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an instrument lowered from a ship in motion for measuring the distribution of the temperature of water relative to depth. The body of a bathythermograph has a streamlined shape and is equipped with tail fins for stabilizing the instrument’s attitude when it is lowered into the water; the instrument is lowered by means of a steel cable.
The temperature sensor is a hot-wire anemometer, consisting of a long copper capillary tube mounted on the tail fins. One end of the capillary tube is sealed and the other is connected to the fixed end of a manometric coil spring. The capillary and spring are filled with toluene. When the temperature changes, the volume of toluene and, consequently, the pressure within the manometric system change. With an increase in temperature the free end of the manometric spring is untwisted at an angle proportional to the amount of temperature change, and it is twisted with a decrease in temperature. The pointer attached to the free end of the manometric spring records the temperature on a smoked-glass plate, which is shifted by a hydrostatic depth sensor as the instrument is lowered in the water. Hermetically sealed Sylphons function as the depth sensors. Modern bathythermographs record water temperature with a minimum accuracy of 0.1°C. They are used in oceanographic research and on fishing survey vessels.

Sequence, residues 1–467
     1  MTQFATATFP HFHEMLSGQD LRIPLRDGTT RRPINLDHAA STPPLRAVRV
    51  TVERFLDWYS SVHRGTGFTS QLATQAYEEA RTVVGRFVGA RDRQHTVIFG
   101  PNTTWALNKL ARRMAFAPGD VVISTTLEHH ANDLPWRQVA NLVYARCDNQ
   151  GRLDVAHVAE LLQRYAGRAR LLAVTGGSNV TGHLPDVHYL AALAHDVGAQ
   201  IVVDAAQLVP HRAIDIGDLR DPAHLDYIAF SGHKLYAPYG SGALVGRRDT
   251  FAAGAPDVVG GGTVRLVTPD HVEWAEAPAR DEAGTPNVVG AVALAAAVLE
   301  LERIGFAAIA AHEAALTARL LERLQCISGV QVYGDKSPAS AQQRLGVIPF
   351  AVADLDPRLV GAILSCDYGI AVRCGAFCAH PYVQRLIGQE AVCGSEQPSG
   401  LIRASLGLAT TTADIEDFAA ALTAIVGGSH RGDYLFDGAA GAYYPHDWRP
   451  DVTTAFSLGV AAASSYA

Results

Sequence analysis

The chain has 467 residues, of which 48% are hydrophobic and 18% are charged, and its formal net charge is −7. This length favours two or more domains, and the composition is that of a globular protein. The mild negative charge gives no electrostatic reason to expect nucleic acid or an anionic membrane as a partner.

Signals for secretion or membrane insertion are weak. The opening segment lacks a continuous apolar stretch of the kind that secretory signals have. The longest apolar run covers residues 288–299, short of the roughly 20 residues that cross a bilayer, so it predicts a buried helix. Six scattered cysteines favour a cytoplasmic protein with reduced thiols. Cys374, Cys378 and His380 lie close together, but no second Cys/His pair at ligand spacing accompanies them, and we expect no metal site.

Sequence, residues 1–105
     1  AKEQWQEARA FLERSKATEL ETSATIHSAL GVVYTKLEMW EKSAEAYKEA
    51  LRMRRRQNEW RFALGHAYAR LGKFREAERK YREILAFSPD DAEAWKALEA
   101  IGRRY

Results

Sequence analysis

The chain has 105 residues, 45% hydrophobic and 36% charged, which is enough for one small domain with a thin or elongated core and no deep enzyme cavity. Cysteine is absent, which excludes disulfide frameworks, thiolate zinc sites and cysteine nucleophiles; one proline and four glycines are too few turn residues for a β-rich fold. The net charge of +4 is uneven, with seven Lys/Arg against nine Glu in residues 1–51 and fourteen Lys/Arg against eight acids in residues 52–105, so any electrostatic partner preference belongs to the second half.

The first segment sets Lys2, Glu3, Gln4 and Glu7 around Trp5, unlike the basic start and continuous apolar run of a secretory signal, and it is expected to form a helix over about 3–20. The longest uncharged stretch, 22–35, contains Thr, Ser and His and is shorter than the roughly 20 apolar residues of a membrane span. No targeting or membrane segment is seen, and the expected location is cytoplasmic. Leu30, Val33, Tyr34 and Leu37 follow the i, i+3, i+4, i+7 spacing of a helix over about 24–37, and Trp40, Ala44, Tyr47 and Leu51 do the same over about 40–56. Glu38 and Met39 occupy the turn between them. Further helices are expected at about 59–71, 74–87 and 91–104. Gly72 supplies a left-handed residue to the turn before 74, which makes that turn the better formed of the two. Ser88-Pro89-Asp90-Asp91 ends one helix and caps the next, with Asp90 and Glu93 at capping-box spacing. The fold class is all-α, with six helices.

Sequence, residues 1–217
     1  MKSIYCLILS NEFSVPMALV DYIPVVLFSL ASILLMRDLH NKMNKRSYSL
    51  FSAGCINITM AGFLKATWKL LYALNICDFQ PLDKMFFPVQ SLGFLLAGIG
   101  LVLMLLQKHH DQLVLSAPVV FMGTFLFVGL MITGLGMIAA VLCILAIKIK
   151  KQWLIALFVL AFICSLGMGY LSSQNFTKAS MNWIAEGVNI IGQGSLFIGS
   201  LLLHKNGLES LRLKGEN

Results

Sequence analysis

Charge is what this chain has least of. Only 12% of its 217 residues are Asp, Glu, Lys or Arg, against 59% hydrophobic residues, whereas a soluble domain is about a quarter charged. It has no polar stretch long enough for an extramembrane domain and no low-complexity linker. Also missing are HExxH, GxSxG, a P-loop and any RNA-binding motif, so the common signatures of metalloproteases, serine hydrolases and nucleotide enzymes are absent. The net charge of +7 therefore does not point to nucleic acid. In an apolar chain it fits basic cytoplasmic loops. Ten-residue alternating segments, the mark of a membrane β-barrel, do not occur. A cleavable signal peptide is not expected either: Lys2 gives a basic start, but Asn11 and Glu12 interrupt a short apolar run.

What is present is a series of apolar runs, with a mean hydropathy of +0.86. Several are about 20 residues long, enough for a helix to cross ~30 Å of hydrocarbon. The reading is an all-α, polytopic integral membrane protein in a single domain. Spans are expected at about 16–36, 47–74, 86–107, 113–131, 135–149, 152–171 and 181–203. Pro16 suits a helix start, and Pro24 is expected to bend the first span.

REFERENCESRukovodstvo po gidrologicheskim rabotam v okeanakh i moriakh. Leningrad, 1967.
Deriugin, K. K., and I. A. Stepaniuk. Morskaia gidrometriia. Leningrad, 1974.